Bail granted to U.S. man accused of mischief at G20
Men from Pennsylvania and New York City face charges in connection with 2010 Toronto summit
A Toronto court has granted bail to one of two young American men who face charges stemming from the G20 summit three years ago.
Richard Dean Morano, 22, of Lackawaxen, Pa., is charged with 14 counts including mischief endangering life, assaulting a police officer with a weapon and six counts of mischief over $5,000.
Morano was granted bail on Wednesday morning, but is due to reappear in court later this month.
The court allowed Morano to return home to Pennsylvania with his parents. He is required to tell police of his whereabouts and refrain from joining any demonstrations.
A second U.S. man, Kevin Chianella, 20, from New York City, faces 52 charges including arson, assault, 11 counts of mischief endangering life and 22 counts of mischief over $5,000.
His bail hearing was held over until Thursday.
Accused alleged to have damaged businesses
Police allege Chianella smashed the windows of a police car with an officer inside, an unmarked police van, multiple Starbucks windows, a CIBC ATM, as well as windows at Urban Outfitters, Burger King, Popeye's Chicken, American Apparel, Footlocker and Tim Hortons.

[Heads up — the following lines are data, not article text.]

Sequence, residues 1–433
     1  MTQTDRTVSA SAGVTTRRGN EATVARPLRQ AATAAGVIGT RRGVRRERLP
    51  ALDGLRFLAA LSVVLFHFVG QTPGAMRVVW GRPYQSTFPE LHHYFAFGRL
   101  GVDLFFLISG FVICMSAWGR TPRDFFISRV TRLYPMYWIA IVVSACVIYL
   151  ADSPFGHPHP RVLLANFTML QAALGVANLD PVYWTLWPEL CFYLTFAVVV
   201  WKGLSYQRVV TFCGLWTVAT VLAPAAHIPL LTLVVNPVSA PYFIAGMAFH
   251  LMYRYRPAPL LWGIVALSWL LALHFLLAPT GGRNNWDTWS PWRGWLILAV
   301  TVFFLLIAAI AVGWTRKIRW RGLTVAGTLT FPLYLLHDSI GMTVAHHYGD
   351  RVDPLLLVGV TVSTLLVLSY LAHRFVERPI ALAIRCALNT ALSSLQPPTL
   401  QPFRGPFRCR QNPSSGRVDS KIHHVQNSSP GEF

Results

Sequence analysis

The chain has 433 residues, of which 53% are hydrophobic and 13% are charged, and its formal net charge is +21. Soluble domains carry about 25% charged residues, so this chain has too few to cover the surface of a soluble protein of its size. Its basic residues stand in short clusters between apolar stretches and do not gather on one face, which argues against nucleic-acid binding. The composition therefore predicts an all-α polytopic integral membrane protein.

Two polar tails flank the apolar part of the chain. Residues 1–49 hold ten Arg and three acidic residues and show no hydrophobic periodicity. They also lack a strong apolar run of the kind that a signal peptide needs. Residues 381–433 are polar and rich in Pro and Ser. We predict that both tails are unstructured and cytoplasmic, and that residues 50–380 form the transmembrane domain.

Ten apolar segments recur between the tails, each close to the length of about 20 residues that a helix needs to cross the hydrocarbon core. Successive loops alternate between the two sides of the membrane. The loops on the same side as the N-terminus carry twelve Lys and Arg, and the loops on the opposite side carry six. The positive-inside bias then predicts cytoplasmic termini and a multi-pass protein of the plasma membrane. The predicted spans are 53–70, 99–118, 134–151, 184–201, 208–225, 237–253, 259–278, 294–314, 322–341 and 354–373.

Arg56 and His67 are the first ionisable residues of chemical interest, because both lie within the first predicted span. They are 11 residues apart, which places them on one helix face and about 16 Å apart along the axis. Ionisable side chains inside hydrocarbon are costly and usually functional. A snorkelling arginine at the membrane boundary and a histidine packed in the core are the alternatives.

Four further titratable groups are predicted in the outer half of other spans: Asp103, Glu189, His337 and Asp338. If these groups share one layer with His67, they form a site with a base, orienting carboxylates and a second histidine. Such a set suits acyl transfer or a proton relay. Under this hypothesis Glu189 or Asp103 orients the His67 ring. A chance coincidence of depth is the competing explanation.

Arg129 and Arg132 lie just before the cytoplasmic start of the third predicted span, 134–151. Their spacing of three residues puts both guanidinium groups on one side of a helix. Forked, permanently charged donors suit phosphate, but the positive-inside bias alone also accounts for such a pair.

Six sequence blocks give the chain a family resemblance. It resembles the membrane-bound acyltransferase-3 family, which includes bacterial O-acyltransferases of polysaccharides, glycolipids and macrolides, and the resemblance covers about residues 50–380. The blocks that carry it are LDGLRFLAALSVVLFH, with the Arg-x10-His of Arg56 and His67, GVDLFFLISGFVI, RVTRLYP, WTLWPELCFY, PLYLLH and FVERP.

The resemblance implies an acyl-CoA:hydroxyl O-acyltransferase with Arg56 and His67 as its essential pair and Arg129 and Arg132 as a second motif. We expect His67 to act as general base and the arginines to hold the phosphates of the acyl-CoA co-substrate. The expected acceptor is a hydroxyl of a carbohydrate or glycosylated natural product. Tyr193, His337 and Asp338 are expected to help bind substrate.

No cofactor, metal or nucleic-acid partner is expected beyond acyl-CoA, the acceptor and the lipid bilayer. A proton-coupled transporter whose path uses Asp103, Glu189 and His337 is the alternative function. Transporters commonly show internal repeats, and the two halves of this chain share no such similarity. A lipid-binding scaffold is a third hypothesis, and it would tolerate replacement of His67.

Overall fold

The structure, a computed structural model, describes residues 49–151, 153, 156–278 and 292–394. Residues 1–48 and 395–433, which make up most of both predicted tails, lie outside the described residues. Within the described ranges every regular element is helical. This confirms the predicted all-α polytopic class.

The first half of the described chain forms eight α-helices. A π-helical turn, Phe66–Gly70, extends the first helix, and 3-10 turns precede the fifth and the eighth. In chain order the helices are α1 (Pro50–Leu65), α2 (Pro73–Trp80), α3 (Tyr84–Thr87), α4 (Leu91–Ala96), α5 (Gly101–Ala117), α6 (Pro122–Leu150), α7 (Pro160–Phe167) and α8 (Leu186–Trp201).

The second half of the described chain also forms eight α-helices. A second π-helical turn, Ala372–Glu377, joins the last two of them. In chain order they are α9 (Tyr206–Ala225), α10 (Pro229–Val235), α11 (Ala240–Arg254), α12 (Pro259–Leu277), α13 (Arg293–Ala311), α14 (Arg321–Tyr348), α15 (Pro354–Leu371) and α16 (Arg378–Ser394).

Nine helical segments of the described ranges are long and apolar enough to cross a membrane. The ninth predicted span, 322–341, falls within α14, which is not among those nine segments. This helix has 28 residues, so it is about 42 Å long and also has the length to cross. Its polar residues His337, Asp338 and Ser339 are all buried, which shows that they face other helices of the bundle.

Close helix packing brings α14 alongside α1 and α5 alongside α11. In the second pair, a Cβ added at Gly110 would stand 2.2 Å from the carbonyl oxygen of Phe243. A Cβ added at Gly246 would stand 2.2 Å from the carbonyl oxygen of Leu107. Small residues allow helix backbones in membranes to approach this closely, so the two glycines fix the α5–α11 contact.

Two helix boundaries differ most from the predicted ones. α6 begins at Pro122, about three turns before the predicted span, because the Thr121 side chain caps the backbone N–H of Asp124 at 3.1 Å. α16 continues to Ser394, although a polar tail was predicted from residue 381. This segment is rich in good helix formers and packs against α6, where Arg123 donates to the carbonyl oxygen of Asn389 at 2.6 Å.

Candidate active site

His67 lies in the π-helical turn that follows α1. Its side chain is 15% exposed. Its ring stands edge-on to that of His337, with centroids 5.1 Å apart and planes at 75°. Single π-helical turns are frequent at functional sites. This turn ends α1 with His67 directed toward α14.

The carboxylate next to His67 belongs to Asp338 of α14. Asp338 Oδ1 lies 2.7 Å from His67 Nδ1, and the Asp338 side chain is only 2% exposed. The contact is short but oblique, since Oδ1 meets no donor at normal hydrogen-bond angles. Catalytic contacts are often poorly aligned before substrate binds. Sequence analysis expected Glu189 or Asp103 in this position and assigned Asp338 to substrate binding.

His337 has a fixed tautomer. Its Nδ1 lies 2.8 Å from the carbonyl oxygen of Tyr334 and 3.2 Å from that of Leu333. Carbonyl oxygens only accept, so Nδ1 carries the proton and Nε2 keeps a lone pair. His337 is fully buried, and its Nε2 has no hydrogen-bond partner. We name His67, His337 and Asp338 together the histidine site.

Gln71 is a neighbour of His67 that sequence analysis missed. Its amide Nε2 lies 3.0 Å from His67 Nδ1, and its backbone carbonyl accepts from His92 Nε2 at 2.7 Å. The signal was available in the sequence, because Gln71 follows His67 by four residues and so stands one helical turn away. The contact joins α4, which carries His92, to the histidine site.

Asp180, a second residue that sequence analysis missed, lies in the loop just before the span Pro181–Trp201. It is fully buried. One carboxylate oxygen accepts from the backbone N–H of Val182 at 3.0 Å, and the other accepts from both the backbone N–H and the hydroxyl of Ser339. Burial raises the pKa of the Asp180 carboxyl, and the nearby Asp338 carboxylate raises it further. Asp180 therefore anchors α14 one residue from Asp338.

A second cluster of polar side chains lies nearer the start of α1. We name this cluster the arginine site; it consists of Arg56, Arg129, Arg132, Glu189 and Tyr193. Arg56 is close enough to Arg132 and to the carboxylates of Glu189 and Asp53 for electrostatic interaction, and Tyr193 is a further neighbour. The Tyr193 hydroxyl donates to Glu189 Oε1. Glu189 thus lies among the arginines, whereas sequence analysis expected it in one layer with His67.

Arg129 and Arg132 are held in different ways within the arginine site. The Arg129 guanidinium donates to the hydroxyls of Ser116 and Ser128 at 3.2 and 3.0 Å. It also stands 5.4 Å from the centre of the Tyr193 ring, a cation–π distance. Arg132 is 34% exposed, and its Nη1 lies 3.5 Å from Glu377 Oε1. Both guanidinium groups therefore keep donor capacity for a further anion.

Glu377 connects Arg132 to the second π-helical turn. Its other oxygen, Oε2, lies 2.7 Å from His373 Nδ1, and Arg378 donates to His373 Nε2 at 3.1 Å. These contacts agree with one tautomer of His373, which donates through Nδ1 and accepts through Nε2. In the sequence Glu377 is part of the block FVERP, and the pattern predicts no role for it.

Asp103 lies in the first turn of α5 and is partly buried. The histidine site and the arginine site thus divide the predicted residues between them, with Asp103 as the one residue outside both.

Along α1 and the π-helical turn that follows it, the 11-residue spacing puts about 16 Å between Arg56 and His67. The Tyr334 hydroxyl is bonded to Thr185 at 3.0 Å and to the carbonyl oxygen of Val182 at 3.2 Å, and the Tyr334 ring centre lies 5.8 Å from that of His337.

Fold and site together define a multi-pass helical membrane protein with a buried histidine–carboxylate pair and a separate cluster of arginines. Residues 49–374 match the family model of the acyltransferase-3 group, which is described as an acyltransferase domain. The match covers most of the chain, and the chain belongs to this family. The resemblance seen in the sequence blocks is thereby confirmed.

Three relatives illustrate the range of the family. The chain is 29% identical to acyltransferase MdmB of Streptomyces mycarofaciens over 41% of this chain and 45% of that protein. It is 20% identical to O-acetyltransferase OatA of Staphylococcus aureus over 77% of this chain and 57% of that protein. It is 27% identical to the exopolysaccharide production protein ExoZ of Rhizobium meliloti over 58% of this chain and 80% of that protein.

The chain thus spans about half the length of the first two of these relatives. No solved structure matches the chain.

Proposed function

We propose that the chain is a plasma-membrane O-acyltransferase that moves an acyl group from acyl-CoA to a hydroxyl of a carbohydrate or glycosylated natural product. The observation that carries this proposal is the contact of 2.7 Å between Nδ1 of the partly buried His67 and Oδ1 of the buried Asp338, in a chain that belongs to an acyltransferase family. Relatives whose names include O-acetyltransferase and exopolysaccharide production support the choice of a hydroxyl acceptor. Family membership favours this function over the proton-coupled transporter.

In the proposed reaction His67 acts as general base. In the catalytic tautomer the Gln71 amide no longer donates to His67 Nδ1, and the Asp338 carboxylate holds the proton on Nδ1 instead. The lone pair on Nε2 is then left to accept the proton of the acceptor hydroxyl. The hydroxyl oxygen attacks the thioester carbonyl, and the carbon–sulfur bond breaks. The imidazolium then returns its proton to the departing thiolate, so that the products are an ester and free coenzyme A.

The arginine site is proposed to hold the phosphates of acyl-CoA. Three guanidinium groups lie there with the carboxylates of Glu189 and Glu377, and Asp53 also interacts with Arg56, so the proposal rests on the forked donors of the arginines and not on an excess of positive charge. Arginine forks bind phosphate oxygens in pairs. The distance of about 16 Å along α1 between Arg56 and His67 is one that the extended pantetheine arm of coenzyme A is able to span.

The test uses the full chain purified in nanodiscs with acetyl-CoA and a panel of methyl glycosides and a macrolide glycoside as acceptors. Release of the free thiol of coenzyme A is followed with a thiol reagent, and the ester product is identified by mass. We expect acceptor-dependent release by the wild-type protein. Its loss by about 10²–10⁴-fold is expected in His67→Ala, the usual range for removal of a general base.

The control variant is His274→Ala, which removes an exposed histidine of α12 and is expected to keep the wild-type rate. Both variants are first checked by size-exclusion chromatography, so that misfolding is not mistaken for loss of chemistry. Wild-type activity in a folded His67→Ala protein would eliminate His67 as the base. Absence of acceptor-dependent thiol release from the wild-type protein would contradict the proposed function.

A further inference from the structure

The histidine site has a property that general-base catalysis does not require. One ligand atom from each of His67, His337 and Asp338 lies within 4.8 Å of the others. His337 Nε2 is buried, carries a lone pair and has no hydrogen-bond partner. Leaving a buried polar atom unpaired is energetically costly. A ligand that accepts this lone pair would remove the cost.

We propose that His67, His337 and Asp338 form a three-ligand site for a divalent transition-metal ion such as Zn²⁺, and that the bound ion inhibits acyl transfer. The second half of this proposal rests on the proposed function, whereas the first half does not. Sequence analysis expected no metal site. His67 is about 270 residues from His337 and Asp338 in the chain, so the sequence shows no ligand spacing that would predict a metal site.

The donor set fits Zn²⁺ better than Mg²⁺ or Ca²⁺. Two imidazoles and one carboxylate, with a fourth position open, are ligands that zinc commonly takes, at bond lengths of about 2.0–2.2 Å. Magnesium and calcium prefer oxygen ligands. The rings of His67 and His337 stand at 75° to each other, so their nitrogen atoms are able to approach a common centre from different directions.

Police allege Morano smashed a police car window with a rock while an officer was inside and used a piece of lumber to break the window of a clothing store. Morano is also accused of smashing windows at two coffee shops, a branch of the CIBC and a leather store.
Toronto police say the co-operation of U.S. authorities was key in bringing these individuals to the courts.
"What is significant and very important for us is that the Marshals and the FBI were extremely co-operative and extremely effective," said Mark Pugash, director of communications for the Toronto Police Service.
"And as a result of that, we had one person appearing before the courts last week from the States and we have two more appearing today."
Dozens of protesters went on a destructive rampage during the summit.
More than 1,100 people were arrested in one of the largest mass arrests in Canadian history, although most were released without charges.
However, more than 40 people have been successfully prosecuted for their parts in the rampage.
With files from The Canadian Press